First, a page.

At last the Scotch left wing, playing nicely together, became persistent, and Hall securing near the centre, made a good run. When tackled he passed to Fletcher, who sent in a nice centre, which Hall secured and equalised the scores with a clever shot. The play of the English forwards in this half was very ragged. They indulged in too much passing instead of making for goal when they had a strong wind behind them.
Half-time arrived with the score one goal each.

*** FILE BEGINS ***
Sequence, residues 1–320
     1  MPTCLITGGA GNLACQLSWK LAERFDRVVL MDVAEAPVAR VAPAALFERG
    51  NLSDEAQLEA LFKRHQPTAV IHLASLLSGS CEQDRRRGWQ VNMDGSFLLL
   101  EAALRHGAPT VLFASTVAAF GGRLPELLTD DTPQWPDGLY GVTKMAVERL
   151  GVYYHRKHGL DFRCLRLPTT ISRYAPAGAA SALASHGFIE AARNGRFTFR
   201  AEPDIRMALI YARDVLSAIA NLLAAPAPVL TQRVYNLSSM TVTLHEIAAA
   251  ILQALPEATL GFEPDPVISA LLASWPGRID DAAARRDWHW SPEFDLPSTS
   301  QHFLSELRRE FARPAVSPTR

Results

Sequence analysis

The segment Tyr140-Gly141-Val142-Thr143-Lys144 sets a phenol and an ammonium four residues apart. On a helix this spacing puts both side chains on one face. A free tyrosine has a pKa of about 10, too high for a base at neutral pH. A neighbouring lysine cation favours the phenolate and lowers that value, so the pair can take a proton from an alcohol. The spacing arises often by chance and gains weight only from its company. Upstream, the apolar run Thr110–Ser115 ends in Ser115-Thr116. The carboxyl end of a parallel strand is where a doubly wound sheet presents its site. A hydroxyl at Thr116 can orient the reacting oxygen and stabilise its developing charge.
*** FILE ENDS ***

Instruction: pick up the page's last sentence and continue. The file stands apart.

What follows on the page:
It was thought that the English defence would be in for a hot time during the second half, Scotland having the wind in their favor. Scotland early made an attack on the English goal, and, having awarded a very doubtful penalty, Menzies scored for Scotland with a good shot, The English forwards were now rearranged. Brown going from inside right to centre and Appleby taking Brown's position. From this change England benefited greatly, for Greves, Hutton, and Brown, all club mates, combined nicely, and gave the spec-tators a splendid display ot tip-top football, and it is to these players that England mainly owe their victory. Menzies, at centre-half was working hard for Scotland, feeding his forwards well, of whom Hall was the only one to trouble the English defence, where Elliott was playing a masterful game at back. The attack being again taken up by Eng-land, Greves secured near the half-way line, and running along his wing put in a marvellous centre. The ball, keeping high, just went under the crossbar, giving Baird, the Scots' goalie, no chance. Thus the score was once more equal, being two goals each.